Attorneys have traditionally gone in-house by accepting an offer from one of their clients (or a client of their firm). Nevertheless, unless specifically asked by a client to work for them, the traditional methods of searching for an in-house position may bring no luck. If you were to ask one of your firm’s clients if you can work for them, how does that make your current firm look? What if your request gets back to your current law firm?
A few attorneys get in-house positions by responding to ads on job posting boards or in classified sections of legal newspapers. The problem with job posting boards and legal classifieds is that most in-house employers posting positions on job posting boards receive well in excess of 1,000 emailed resumes in response to their ads. In-house employers are simply flooded with resumes of top attorneys seeking a better lifestyle, more predictable hours, and no billable hours. Indeed, many attorneys inside law firms have been looking for an in-house position for years. An in-house job is something that is coveted by many attorneys as the best environment for practicing law. For many attorneys who practiced in law firms before going in-house, this has often proven to be the case.
Probably the least common way for attorneys to get an in-house position is through a legal recruiting firm. The legal recruiting firm typically conducts an in-house search as follows:
First, the recruiter “cold calls” numerous General Counsels or corporate officers to induce them to allow the recruiter to fill an opening. More often than not, the recruiter demands a meeting and goes to the meeting with brochures and other propaganda about the search firm. The General Counsel then will often speak with other search firms to negotiate fees before choosing a search firm. The few national search firms that do in-house searches typically have a dedicated recruiter that spends their days soliciting companies for in-house opportunities (and potential placement fees).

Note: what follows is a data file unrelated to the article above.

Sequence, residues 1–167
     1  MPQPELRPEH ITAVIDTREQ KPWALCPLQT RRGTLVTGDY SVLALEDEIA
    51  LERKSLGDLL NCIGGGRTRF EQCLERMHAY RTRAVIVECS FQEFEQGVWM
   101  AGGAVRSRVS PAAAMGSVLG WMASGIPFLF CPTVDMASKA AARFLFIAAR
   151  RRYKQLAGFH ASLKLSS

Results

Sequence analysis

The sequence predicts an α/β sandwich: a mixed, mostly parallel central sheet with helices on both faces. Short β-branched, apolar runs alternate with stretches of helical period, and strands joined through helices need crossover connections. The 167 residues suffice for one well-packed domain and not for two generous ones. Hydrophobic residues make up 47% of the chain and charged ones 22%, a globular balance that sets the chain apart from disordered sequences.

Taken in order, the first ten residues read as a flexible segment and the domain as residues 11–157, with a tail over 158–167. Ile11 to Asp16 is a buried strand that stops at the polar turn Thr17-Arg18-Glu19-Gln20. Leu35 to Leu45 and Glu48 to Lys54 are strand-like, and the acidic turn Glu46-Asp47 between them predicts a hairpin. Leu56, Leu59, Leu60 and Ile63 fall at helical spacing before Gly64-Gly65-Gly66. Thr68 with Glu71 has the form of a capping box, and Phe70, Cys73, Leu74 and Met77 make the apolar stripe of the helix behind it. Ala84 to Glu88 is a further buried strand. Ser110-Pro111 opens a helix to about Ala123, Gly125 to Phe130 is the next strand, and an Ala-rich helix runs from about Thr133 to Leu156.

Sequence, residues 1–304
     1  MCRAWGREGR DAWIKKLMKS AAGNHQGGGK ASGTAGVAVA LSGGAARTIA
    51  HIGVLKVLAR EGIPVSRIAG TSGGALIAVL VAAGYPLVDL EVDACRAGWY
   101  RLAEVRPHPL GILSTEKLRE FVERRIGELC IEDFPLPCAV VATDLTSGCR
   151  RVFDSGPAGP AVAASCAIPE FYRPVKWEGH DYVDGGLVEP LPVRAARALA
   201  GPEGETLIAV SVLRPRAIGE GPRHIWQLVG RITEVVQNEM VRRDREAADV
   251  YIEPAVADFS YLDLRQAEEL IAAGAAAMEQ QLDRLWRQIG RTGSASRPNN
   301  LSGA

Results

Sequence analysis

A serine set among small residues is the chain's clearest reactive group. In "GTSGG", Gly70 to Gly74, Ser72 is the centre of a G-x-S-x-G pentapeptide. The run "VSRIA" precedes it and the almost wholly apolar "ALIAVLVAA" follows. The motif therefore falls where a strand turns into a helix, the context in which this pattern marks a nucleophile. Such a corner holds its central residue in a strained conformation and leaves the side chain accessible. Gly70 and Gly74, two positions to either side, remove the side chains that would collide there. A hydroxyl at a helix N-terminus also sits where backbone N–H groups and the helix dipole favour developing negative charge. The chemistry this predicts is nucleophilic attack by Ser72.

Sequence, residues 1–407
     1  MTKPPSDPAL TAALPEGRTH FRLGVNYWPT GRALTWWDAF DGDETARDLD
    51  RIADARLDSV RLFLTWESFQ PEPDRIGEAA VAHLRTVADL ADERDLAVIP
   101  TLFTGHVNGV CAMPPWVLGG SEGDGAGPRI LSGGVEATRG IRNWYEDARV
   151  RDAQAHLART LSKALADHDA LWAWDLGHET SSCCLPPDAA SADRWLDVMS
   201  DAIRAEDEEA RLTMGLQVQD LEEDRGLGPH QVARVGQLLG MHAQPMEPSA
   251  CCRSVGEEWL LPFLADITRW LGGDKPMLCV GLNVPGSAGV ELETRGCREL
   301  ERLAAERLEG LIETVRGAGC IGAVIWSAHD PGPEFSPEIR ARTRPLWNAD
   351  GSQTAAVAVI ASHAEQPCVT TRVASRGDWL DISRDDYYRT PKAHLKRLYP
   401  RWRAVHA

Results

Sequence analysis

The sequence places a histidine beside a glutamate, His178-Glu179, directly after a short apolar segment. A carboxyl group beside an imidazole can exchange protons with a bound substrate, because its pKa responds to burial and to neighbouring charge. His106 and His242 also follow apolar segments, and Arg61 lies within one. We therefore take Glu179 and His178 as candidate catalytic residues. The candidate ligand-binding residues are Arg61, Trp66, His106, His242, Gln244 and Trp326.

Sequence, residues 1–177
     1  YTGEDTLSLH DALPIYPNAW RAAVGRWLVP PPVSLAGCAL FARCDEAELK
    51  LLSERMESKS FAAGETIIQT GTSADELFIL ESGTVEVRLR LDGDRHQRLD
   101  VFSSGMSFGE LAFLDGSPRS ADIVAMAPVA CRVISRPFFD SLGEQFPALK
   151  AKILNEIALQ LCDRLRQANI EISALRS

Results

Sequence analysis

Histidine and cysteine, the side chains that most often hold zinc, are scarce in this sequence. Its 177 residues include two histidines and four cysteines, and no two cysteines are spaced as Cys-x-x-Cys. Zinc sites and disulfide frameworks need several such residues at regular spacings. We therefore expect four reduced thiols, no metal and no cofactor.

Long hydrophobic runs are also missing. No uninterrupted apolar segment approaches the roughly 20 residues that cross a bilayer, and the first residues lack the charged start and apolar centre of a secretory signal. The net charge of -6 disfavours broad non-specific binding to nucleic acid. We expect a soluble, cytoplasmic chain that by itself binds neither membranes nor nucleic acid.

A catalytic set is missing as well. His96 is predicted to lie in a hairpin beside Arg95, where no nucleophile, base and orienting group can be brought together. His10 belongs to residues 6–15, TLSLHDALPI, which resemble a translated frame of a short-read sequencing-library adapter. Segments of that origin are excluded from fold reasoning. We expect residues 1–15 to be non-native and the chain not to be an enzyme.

Second, most of the times, the recruiter will demand an “exclusive” from the company to perform the in-house search. By an exclusive, the recruiter will seek to prohibit the company from using any outside sources to fill the position for a minimum length of time (usually six months to a year). When granted an “exclusive,” recruiters also require the corporation to forward to them all resumes they receive for the attorney position for the length of the exclusive. Because recruiters want to use the name of the company in advertising the company’s position, candidates are prevented from contacting the company directly (in which event the company would not have to pay the recruiter any fees).
Third, the recruiter will typically demand that the company pay them a “retainer”. The “retainer” is generally set at between 1/3 and 1/2 of the placement firm’s expected placement fee. Attorney placement firms typically charge corporations and other employers a fee to introduce you to the employer that is between 25 and 40 percent of your annual salary. The “retainer fee” is used by the placement firm to pay for advertising and other incidental expenses associated with finding candidates for the position. For example, if a recruiting firm receives a $15,000 retainer they may (1) pay $5,000 to the recruiter who “brought in” the in-house job (the recruiter who fills the position itself will be compensated individually out of the 25 to 40 percent fee which deducts the retainer), (2) spend $5,000 on advertising, and (3) keep $5,000 to cover the overhead associated with the work they did on the search.